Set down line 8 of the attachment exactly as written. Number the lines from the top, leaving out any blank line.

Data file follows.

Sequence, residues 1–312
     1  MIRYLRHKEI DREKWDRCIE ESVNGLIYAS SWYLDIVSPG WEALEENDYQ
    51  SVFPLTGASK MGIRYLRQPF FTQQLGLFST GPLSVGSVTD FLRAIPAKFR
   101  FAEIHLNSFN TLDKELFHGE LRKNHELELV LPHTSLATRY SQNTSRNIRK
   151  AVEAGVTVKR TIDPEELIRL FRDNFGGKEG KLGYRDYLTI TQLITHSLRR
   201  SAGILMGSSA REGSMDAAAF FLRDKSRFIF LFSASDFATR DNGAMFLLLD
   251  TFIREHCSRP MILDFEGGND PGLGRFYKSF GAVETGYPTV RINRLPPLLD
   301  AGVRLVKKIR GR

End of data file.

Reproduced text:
   301  AGVRLVKKIR GR